John Schall, owner of a Boston-based Tex-Mex restaurant chain called El Jefe’s Taqueria, is seeing strong sales growth and says he’s optimistic about his business. He plans to open his eighth restaurant next week in Pittsburgh. Schall has hired five managers there and will add up to 30 hourly workers.

Having opened six stores in the chaotic two years since the pandemic hit, he is relatively oblivious to inflation and supply chain issues.

“All are issues, but overall I couldn’t be more excited about where we are and where we’re going,” Schall said.

Rising prices have eroded his profits, he said, but he believes inflation will be temporary, so he does not expect price increases beyond the one he imposed nine years ago. month.

Still, some companies are announcing layoffs or have suspended hiring. Especially, several large retailers, including Walmart and Amazon, said they have overhired during the pandemic, with Walmart cutting its workforce through attrition. Retailers cut an average of 9,000 jobs a month in the April-June quarter, after adding 70,000 a month from January to March. This trend may mean that stores are anticipating a downturn in spending ahead.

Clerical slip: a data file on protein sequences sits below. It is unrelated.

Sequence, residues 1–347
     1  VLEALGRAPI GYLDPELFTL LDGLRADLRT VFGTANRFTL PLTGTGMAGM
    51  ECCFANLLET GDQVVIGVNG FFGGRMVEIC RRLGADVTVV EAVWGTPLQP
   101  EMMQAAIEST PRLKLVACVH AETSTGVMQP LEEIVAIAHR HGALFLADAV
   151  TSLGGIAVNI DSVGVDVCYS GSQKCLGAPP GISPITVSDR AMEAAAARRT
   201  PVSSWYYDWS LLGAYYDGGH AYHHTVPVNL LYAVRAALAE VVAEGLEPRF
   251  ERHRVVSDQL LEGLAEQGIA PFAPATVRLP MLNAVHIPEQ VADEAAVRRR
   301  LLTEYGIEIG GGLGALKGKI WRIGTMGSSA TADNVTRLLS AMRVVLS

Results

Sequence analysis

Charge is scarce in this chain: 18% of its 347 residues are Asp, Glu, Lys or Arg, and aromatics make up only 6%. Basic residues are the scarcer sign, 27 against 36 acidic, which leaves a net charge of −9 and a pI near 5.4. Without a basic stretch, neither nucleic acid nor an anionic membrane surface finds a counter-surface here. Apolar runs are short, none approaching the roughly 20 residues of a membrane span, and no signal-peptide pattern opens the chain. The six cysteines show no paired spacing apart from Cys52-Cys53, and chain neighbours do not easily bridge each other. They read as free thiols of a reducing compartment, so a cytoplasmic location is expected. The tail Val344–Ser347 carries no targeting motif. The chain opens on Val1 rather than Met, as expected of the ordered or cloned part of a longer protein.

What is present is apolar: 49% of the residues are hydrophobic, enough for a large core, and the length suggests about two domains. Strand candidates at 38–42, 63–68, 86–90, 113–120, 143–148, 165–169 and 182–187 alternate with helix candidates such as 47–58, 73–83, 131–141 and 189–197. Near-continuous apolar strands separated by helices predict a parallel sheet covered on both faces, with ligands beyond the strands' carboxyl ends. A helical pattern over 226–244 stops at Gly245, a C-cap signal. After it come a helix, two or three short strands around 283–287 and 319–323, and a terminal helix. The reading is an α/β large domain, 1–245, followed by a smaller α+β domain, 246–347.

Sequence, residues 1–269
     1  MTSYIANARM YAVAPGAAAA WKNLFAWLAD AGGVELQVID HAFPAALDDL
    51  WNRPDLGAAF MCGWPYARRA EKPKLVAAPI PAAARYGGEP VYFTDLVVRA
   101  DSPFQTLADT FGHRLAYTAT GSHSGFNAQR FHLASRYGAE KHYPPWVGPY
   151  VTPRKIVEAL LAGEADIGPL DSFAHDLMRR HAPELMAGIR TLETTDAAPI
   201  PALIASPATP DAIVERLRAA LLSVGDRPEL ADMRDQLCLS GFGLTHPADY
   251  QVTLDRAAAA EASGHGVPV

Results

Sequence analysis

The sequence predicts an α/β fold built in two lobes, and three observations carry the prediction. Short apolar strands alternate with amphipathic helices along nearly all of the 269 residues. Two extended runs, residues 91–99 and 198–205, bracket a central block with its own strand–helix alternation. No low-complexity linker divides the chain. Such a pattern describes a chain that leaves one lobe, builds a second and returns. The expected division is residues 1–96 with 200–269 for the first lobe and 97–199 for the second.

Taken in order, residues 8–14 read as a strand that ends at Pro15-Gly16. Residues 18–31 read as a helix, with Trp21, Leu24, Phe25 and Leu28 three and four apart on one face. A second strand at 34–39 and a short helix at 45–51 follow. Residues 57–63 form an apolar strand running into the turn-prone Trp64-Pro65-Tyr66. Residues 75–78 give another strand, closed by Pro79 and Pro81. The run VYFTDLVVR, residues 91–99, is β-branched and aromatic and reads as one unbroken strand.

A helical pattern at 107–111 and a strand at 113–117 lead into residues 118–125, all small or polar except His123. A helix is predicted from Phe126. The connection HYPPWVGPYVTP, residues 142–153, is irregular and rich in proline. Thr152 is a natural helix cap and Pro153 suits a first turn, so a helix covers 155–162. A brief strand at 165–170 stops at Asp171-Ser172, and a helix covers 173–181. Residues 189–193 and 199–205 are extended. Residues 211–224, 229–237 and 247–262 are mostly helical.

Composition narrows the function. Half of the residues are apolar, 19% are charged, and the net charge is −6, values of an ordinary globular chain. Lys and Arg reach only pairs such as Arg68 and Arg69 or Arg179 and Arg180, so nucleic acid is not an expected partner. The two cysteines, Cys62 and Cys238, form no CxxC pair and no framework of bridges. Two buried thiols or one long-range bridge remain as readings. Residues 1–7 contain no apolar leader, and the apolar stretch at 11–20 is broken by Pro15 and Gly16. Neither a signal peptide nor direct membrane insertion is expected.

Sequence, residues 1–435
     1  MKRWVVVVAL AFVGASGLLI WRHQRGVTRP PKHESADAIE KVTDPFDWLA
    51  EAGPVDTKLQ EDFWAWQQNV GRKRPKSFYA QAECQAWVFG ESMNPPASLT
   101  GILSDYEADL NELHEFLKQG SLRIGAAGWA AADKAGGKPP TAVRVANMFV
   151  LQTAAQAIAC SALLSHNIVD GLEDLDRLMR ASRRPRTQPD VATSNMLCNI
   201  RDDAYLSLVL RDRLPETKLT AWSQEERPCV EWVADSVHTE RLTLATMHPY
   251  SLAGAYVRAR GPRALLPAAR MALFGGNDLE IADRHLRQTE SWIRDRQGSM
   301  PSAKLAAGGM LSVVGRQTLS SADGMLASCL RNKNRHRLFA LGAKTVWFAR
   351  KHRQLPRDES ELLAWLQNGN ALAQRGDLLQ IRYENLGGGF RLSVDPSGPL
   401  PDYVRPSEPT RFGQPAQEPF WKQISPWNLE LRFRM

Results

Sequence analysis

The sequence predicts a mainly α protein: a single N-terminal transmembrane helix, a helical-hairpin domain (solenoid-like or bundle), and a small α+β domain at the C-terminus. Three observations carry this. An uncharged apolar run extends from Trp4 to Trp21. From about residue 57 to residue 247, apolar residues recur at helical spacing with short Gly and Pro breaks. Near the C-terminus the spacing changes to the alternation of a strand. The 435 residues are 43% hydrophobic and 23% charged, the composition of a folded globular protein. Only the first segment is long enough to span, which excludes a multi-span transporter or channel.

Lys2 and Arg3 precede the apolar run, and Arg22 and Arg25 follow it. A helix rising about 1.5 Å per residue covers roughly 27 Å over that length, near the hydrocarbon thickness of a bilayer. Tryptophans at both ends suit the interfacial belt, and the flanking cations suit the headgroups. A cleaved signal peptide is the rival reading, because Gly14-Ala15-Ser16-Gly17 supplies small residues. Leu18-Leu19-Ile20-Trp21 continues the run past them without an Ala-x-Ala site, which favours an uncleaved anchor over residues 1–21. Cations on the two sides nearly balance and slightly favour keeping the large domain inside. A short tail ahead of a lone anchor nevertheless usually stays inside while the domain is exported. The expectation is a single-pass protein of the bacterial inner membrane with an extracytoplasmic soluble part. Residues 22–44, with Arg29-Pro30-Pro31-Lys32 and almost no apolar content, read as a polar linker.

Leah Kirpalani, the founder of Shop Good, a “clean beauty” and wellness company with two locations in San Diego, nervously watches her sales. She has noticed that consumers are increasingly focusing on essential products like moisturizers and cleansers. Most don’t buy additional products like serums, she said, and they’re hesitant to try new products.

For the moment, it does not plan to reduce its workforce. But that could change if conditions worsen.